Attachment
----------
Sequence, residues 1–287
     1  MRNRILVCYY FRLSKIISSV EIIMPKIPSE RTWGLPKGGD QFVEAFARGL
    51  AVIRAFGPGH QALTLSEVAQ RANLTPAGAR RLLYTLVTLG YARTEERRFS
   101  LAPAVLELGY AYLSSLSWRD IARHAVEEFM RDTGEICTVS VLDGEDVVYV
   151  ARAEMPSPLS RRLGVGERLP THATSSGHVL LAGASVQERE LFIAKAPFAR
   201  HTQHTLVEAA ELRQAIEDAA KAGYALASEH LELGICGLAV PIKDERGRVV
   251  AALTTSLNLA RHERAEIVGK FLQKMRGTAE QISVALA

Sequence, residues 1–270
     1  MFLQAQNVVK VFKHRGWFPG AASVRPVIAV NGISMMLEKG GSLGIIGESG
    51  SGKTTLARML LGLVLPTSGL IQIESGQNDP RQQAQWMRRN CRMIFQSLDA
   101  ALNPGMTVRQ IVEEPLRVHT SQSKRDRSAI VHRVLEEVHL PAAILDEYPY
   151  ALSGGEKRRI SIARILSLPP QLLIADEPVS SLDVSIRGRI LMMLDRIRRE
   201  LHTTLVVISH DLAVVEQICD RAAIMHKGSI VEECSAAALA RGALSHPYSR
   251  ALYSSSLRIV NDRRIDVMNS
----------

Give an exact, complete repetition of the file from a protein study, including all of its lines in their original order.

Sequence, residues 1–287
     1  MRNRILVCYY FRLSKIISSV EIIMPKIPSE RTWGLPKGGD QFVEAFARGL
    51  AVIRAFGPGH QALTLSEVAQ RANLTPAGAR RLLYTLVTLG YARTEERRFS
   101  LAPAVLELGY AYLSSLSWRD IARHAVEEFM RDTGEICTVS VLDGEDVVYV
   151  ARAEMPSPLS RRLGVGERLP THATSSGHVL LAGASVQERE LFIAKAPFAR
   201  HTQHTLVEAA ELRQAIEDAA KAGYALASEH LELGICGLAV PIKDERGRVV
   251  AALTTSLNLA RHERAEIVGK FLQKMRGTAE QISVALA

Sequence, residues 1–270
     1  MFLQAQNVVK VFKHRGWFPG AASVRPVIAV NGISMMLEKG GSLGIIGESG
    51  SGKTTLARML LGLVLPTSGL IQIESGQNDP RQQAQWMRRN CRMIFQSLDA
   101  ALNPGMTVRQ IVEEPLRVHT SQSKRDRSAI VHRVLEEVHL PAAILDEYPY
   151  ALSGGEKRRI SIARILSLPP QLLIADEPVS SLDVSIRGRI LMMLDRIRRE
   201  LHTTLVVISH DLAVVEQICD RAAIMHKGSI VEECSAAALA RGALSHPYSR
   251  ALYSSSLRIV NDRRIDVMNS